Ronnie Moas, founder and director of Standpoint Research, said he expects bitcoin's price to jump to $20,000 by next year from his initial target of $14,000. He told CNBC that a majority of the people in the world have yet to get in on the bitcoin trade.
Since the cryptocurrency has a fixed number of possible tokens, Moas said more entrants into the space will push up the prices because of the constricted supply. The outlook is "very comforting to the bulls here, and to the people who are invested" in bitcoin, he said.
He also predicted that the cryptocurrency will go mainstream in 2018 and become part of "strategic reserves" and "asset allocation models" around the world. More consumers will also likely pay for goods and services with bitcoin, he predicted.
Jones Day's Obie agreed that bitcoin will become more mainstream and an entirely new asset class may emerge in the investor community. He referred to the string of announcements from the Chicago Board Options Exchange , Chicago Mercantile Exchange and Nasdaq to offer bitcoin futures contracts.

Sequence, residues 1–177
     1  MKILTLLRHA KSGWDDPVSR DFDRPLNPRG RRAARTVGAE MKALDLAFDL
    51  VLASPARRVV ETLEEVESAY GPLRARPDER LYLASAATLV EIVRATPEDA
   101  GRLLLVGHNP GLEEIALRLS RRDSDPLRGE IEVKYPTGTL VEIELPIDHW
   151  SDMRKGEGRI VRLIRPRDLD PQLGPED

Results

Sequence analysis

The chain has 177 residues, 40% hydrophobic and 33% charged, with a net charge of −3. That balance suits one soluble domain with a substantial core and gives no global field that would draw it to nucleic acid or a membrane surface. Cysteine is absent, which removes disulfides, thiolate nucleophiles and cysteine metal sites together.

"I think you're seeing mainstream regulated exchanges looking at whether bitcoin, and other cryptocurrencies, are asset classes in and of themselves," said Obie. "Clearly there are people that would like exposure to this."
In July, the U.S. Commodity Futures Trading Commission, which regulates the futures and option markets, approved a swap execution facility for cryptocurrencies. Meanwhile, investors are also waiting to see if the SEC will eventually approve the creation of a bitcoin ETF. The existence of bitcoin futures contracts could increase confidence for the regulator to give its approval, Obie said.
"Having a futures market with price discovery will enable the SEC to get comfortable that there is a regulated market, where pricing is showing," he said. "I think you're seeing the development of a fourth asset class."